XMN coming to a town near you

Posted on February 12, 2001

I was really surprised how good the ratings were for the first week of the XFL.

For those of you who haven't heard of the XFL, let me give you a little background. (I'd also like to encourage you to get out more, maybe walk a loop around your local mall or Wal-Mart and do something other than call Time and Temperature all day.) The XFL is a spin-off of the NFL, but the best way to put it might be minor league football with major league effects. There are slightly different rules, a lot more up-close-and-personal camera shots (of players, cheerleaders and possibly even mascots) and a touch of the professional wrestling atmosphere. The league's owner, Vince McMahon, also is in charge of the WWF (Not to be confused with the World Wildlife Federation, although many wrestlers have been known to be more hostile than wildlife). The difference, McMahon has said 564,109,541,901 times, is the XFL will not be scripted.

I didn't watch the games. I had better things to do, like making paper snowflakes. But with the early popularity of the league, I'm wondering if other sports will do the same, or heck, maybe even businesses could adopt similar practices. Actually, I went ahead and started a spin-off to the Internet called the XMN (Xtreme Men on the Net). Pronounce the acronym as you would the popular comic book super heroes, which should give the business even more name recognition. As league president, I designated a couple of friends to help me start the league. Besides being huge sports fans, I'm fairly certain they still have Junkyard Dog and Iron Sheik posters hanging in their closets.

The XMN is an Internet provider/Web design company/computer store/dance club/sports bar/strip club all wrapped in one. The only way to tell which part is which is whether or not your consultant is wearing a three-piece suit or a birthday suit. No employee has a key ... everyone waits outside the main door until 8:30 a.m., when the doors open and THE FUN BEGINS! Everyone races to the best terminals, running through a short obstacle course covered with broken monitors and alligators, converging on the main hub for all the XMN processing.

You get used to the cameramen, who stand behind you and film your every move. When they take coffee breaks, the Webcam comes on, broadcasting your moves to millions of at-home viewers. Remember, none of this is scripted.

I hope you had a big breakfast because you won't be getting a lunch break here! On second thought, it's probably better not to eat breakfast, because Sabertooth Jones, a 400-pound former All-Big Ten lineman, is your supervisor and has been known to issue major hits if you don't complete your projects.

Probably the most annoying thing is the fans who sit 15 feet away from your terminal. Today was Biggie Megaphone Day, so everyone in attendance now has the ability to yell directly in your ear! But after a few hours, you get used to having seven of those things resting on your shoulder.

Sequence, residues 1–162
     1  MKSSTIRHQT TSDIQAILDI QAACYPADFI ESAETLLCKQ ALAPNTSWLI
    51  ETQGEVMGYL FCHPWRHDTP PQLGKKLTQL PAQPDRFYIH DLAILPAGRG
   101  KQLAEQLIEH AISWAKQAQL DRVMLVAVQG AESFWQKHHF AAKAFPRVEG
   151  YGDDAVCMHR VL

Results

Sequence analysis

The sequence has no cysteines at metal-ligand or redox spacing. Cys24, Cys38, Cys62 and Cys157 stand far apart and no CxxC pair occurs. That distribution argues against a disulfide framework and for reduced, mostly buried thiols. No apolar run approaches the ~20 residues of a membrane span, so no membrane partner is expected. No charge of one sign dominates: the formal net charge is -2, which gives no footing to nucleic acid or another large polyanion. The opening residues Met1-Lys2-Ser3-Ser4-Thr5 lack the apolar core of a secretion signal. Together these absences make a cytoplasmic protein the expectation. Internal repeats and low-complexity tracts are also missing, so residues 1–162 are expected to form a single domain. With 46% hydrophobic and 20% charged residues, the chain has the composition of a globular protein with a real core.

You do, though, get a 3.5-minute break, just enough time to give an interview to one of the sideline reporters.

"We started out slow, but I think we'll make a big comeback by halftime (2 p.m.)," you say.

At least your work attire is cool. You are number 456, with the name "Big Buck$" on the back. Sure, the helmet does get in the way occasionally when answering the phone, but you wouldn't dare take it off and be drilled by Sabertooth Jones.

The rest of the day goes as normal: another interview by the sideline reporter in the middle of the third quarter (about 3:45 p.m.); cheerleaders dancing on the table; the mascot attempting to pick a fight with you; Jones delivering a brutal blow to a co-worker; cheerleaders dancing on the table; a fumbled scanner resulting in seven points for the opposing team; cheerleaders doing something on the table which you don't have time to view because you're in overtime (6:30 p.m.). Did I mention the days were slightly longer in the XMN? Remember, none of this is scripted.

You finished the day 6-for-7 in completed projects for $5,000, but your team lost, which means you make about $6.00 an hour. "Maybe tomorrow will be a better day," you tell a sideline reporter during your 25th interview of the day. Sabertooth Jones narrowly decides to bring you back tomorrow, although most likely you will play the outside computer terminal and replace the man with a broken monitor.

It's a little rough in the XMN, and your every move is scrutinized by millions, but think of the exposure you are receiving! Soon you'll be getting calls from the REAL companies who need your help programming or at least delivering the mail. I hear some of those places don't even have cheerleaders. More importantly, none of it ... I REPEAT ... none if it is scripted.